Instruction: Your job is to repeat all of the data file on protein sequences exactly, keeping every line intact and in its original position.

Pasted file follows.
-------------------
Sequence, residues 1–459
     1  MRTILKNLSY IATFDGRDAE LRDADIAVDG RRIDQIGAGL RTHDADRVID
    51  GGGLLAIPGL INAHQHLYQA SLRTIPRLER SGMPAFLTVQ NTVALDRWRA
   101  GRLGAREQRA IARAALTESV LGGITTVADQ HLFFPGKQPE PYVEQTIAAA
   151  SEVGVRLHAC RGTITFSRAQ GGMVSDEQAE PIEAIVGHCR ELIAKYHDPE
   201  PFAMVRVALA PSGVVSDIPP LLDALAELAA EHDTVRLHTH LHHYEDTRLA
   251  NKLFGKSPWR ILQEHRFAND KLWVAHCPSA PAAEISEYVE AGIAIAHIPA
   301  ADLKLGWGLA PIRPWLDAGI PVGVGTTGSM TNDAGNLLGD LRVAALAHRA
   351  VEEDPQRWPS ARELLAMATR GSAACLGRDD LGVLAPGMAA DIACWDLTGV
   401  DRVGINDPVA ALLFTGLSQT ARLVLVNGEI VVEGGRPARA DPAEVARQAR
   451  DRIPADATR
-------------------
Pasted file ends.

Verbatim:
Sequence, residues 1–459
     1  MRTILKNLSY IATFDGRDAE LRDADIAVDG RRIDQIGAGL RTHDADRVID
    51  GGGLLAIPGL INAHQHLYQA SLRTIPRLER SGMPAFLTVQ NTVALDRWRA
   101  GRLGAREQRA IARAALTESV LGGITTVADQ HLFFPGKQPE PYVEQTIAAA
   151  SEVGVRLHAC RGTITFSRAQ GGMVSDEQAE PIEAIVGHCR ELIAKYHDPE
   201  PFAMVRVALA PSGVVSDIPP LLDALAELAA EHDTVRLHTH LHHYEDTRLA
   251  NKLFGKSPWR ILQEHRFAND KLWVAHCPSA PAAEISEYVE AGIAIAHIPA
   301  ADLKLGWGLA PIRPWLDAGI PVGVGTTGSM TNDAGNLLGD LRVAALAHRA
   351  VEEDPQRWPS ARELLAMATR GSAACLGRDD LGVLAPGMAA DIACWDLTGV
   401  DRVGINDPVA ALLFTGLSQT ARLVLVNGEI VVEGGRPARA DPAEVARQAR
   451  DRIPADATR